Day 12 & 13 – Middlesborough
Back into England and a free day. On the way down the M6 we stop at Grenta Green, a place I’ve always wanted to visit.
If you’re not familiar it’s a small village on the England/Scotland border where young couples would run away to get married back in the day. It’s a far bigger tourist attraction than I expected, and in the half hour we’re there two bus loads of japanese tourists and a load of school kids turn up to raid the whiskey shop take photos. I buy a teatowel for romantic purposes.
Onwards to Durham and the precious free day. I covered this in my last tour blog but it’s worth covering again; touring is constant movement. Rarely stopping, organising at short notice to make best use of the time you have, as you don’t know if the next town will have wifi at the venue or hotel to get online and catch up, I can’t even imagine how I mananged before. Simple stuff like getting a cup of tea becomes a focused taks, and If its a long drive I’ll often waive the opportunity to discover a new town in favour of a kip.
In the brief time at my folks I cook up some pasta for the road to try and keep us healthy, and that night we play Middlesborough Theatre. It’s good and the people are nice, not as rock and roll as perhaps we’d like, but maybe that’s to be expected.
Day 14 – Stevenage
The journey down the full length of the A1/M1 passes without incident. Charlie has taken the train to meet his missus who joins us on the road for a week.
As we walk through it, Stevenage feels similar to Dunstable, a little plastic, a little soulless. Unfortunetly this is reflected in the gig. I get a spattering of response, and someone has a baby in the audience? It’s like the place has given up, the people don’t allow themselves to enjoy what they’ve come out to see, or they’ve forgotten how to have fun.
Some technical issues ensue too, for both me and Charile. We do some drinking and my pasta bakes are enjoyed by all.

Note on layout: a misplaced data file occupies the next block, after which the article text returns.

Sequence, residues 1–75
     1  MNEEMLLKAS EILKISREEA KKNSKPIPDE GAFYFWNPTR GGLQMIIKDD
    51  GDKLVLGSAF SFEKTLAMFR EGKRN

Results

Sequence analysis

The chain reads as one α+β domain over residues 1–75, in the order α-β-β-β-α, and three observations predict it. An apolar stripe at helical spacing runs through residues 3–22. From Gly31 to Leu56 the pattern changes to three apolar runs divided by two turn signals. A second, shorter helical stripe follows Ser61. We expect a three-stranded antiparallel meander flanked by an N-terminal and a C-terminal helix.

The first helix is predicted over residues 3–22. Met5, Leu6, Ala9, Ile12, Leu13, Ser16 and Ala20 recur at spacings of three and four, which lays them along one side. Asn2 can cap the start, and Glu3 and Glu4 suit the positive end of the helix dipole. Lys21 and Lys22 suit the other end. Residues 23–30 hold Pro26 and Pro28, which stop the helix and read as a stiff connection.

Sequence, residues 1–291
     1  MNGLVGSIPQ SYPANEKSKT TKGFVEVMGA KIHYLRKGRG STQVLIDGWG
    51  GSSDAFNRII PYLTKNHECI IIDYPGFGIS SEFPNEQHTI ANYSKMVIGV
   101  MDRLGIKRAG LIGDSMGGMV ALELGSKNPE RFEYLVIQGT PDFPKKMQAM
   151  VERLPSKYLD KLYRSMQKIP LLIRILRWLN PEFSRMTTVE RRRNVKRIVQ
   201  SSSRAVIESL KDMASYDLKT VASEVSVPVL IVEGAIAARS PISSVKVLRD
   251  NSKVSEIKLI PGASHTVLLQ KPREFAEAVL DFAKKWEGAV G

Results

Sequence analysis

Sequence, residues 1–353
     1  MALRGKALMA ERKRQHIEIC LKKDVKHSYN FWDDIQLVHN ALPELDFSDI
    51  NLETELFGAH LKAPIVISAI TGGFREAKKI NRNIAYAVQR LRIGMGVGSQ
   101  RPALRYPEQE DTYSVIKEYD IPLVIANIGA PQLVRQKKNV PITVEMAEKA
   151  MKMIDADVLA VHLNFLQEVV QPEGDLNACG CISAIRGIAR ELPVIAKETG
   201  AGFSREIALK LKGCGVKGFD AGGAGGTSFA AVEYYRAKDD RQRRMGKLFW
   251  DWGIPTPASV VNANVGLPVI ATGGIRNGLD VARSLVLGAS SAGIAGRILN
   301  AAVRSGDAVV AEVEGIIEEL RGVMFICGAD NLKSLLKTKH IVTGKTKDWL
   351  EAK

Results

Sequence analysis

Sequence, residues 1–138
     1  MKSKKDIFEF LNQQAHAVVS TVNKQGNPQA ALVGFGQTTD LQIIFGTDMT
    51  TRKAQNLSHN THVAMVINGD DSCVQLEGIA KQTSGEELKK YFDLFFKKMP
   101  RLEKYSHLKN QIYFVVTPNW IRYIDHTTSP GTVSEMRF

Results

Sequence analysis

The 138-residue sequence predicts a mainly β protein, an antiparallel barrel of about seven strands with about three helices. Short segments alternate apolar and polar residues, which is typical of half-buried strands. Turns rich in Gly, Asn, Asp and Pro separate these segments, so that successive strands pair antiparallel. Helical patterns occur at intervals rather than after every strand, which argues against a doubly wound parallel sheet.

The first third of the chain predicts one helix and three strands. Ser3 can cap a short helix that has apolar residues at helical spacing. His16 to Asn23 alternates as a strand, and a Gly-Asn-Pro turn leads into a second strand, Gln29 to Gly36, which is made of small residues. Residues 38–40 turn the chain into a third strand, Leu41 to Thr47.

Day 15 – Treorchy, Rhonda Valley
Into deepest Wales and the Rhonda valley, I’ve been into Wales numerous times, but not here. Once in Wales, the drive is a warren of headache inducing narrow roads. Folk either drive too slow, or come towards too fast, spacial awareness is not on the to-do list here.The industrial history of Treorchy is in evidence all around. A mining wheels still stands on the road into the town and the theatre and nearby pubs display the mining heritage in their signage.
Across from the venue is the Station Cafe, a sweet shop and cafe that I’m amazed still exists. Wooden shelving in the window, a sliding glass display case filled with jars of sweets and a beige mechanical bakalite shop till – like the one in ‘open all hours’. Make no mistake, this is no retro styled marketing gimmick, trying to make a fictional version of the past look cool.
I buy a can of pop for fifty pence from the spectacled lady behind the counter who wears the white and blue checked apron of a shopkeeper. I’m wearing Danny’s coat, I ask for the pop in Danny’s voice, I’m not trying to be a dick, it feels perfectly natural. I put fifty pence piece on the wooden counter top and she presents the pop from the fridge behind her. I have regressed, I have fallen through time. This is the real deal.
Some kids are sitting in the low framed booth seating drinking cans of coke. The windows have blinds on them half pulled so it’s a bit dark. If a mod walked in right now with greased hair and a leather jacket, or a chap in a massive collar and flared trousers, wooing a girl in a mini skirt with big hair, I wouldn’t have batted an eyelid. It’s all a bit melancholy and a bit beautiful at the same time.
“Are you from the Star Wars?” I’ve only just stepped out of the shop and am surrounded by about six kids. They all start talking to me at once, they’ve seen Rich our stormtrooper in the lobby of the theatre across the street and the combination of that and the blue bon-bon’s they’re all eating his made them hyper. Am I famous? Where am I from? Say something funny? Can they take my photo? Can I take their photo? Will I be their friend on facebook? (What?!) For a minute i’m weary of how odd the situation looks, as a few adults stare at a grown man in a duffel coat talking to kids. Then I remember i’m not wanted by the police for naughty crimes, and relax. Photo’s are taken, we chat about silly fun stuff, then I leave them too it. They called me sir and one sticky fingered kids wanted to shake my hand. Nice kids, just looking for fun stuff to do. As a result the show if full of warmth, and is a great one.
From the upstairs window of the theatre Charlie had seen me with the kids. His photo’s look like crimestoppers security camera footage.
We stay in a guesthouse nearby run by a guy called Alun. Alun is a top bloke and proper welsh. He’s a keen biker who plays darts and gets the odd star name staying at his place. He once had Derek Acorah stay, but clearlt doesn’t think that much of him, as he uses the signed photo as a darts score-card. Top bloke.